They’re following The Limbaugh Plan, so that this makes some fiscal sense. There’s no reason to have to raise taxes to do this. When you look at all the reports of the fraud that exists in the funding that’s gone on in New Orleans in the last 50 years, you know there’s fraud and waste in every line of the federal budget. In every line of the federal government there is waste and there is fraud. We know it. Intellectually we know it. You and I, the citizens of this country, we know it. What we don’t know is that the people who spend it will admit it and then go get it. You know, I don’t think people stop to think what the federal budget is. Is it over two trillion now? It’s $2.6 trillion! Folks, do you have any idea how much money that is? For the idea to be that there’s no fat in this budget, and that there’s no waste, and that there’s no fraud. We know just from looking back for ten years to Louisiana how much fraud and waste there has been in that little budget alone. We know how much fraud and waste there’s been in the redundant programs, we know the food stamp program, for crying out loud, advertises at the end of every budget year because they don’t have enough takers and they have to advertise for more food stamp takers to make sure their budget isn’t cut next year. We know damn well that there’s money all over this country that is being spent on things that have no intention of it being spent. It’s fraud; it’s waste. Of course we can afford it, $2.6 trillion, for crying out loud, does anybody have any idea how much money that is? No! Nobody can possibly imagine it. That’s why you don’t know. We all just assumed that’s what it takes to run the country.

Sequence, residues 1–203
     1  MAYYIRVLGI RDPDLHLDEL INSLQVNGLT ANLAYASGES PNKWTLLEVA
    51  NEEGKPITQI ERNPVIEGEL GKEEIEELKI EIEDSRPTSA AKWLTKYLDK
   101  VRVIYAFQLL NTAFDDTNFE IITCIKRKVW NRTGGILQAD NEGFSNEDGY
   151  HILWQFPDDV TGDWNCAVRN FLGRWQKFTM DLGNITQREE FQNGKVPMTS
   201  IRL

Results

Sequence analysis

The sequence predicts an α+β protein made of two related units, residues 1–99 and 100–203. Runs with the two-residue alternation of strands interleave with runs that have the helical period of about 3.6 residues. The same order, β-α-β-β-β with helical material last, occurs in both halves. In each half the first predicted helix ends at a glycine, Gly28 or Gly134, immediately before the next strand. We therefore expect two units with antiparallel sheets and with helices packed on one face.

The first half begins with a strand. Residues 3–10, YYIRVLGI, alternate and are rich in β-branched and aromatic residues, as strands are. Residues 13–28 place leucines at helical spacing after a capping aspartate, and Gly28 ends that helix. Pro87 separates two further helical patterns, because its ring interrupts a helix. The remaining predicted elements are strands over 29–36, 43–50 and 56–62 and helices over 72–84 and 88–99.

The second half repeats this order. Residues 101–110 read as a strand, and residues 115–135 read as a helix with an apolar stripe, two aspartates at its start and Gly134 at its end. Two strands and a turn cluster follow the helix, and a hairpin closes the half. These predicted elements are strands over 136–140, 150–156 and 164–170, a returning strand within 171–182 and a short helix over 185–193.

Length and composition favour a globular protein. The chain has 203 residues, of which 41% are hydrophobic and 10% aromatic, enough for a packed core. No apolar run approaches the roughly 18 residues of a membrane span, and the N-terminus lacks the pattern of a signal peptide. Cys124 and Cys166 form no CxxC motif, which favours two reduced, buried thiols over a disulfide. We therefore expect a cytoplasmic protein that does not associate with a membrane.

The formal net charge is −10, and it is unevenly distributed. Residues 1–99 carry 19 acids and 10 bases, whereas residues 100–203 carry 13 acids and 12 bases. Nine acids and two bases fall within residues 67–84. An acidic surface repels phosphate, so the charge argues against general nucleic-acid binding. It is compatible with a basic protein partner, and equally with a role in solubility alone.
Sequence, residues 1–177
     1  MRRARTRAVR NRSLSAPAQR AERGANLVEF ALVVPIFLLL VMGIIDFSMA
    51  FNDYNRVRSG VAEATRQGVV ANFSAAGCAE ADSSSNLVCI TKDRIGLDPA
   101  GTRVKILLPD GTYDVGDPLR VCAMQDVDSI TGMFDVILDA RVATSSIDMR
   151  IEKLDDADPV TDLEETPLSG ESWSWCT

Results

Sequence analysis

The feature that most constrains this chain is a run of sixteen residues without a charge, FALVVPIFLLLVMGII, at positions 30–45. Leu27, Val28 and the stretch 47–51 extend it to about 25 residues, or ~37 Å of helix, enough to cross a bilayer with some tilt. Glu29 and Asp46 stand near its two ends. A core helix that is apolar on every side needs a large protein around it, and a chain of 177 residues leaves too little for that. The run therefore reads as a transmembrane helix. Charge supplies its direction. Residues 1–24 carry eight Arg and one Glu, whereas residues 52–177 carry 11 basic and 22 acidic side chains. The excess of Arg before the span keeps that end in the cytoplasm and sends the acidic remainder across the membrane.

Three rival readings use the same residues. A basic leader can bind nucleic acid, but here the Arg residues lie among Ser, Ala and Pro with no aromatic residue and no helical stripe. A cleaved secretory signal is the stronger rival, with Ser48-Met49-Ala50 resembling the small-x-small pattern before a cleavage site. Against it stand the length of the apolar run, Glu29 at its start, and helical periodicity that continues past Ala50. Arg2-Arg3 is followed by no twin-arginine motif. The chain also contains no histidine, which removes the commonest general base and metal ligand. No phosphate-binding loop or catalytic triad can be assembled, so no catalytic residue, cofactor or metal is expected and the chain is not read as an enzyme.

It always amazes me: every budget year, Democrats whine and moan about budget cuts. There aren’t ever any budget cuts! Zilch, zero, nada. No budget cuts! Two years ago the budget was $1.9 trillion. It’s today $2.6 trillion. Simple addition says that that’s $300 billion less, that another trillion has been spent just in the last two years, and yet everybody runs around talks about all these “cuts” that have taken place. There are no cuts. There never are any cuts. (sigh) To the extent that there are “cuts,” it’s reductions in the rate of growth. We don’t spend as much as was budgeted. We always spend more. I don’t care what it is. We’re spending more on sea turtle research. It’s asinine, these kinds of things. We’re spending money on bridges to nowhere in Alaska. (Sorry, Alaska, I know it’s a sensitive subject. I got e-mails when I mentioned it last week.) But bottom line is: we can afford it. Don’t anybody tell me we can’t afford it from a host of perspectives. We are the United States, and if we have to we will print the money to afford it. I’m not saying that’s a good idea, but we will afford it. It will be paid for. This is why if we’re going to get a handle on any of this. This is a golden opportunity to demonstrate how money can be wisely, well spent for the first time in 60 years, in this type of a disaster rebuilding effort. I continue to see it as an opportunity, but I’m not part of the doom-and-gloom crowd that says, “Oh, if another disaster happens, can we afford it? If there’s another terrorist attack, can we afford it.” We will afford it. This is not Zimbabwe. This is not Saudi Arabia. This is not whatever country you want to mention. We will afford it. We will spend it. It’s just a fact of life. That’s our history. We will rebuild our country. We will do what’s necessary to get it done. But in this instance, we have a golden opportunity here to demonstrate how it can be done in a way that takes people off the federal assistance rolls. It’s not going to be easy and I don’t mean to paint a picture of a panacea, but the opportunity exists.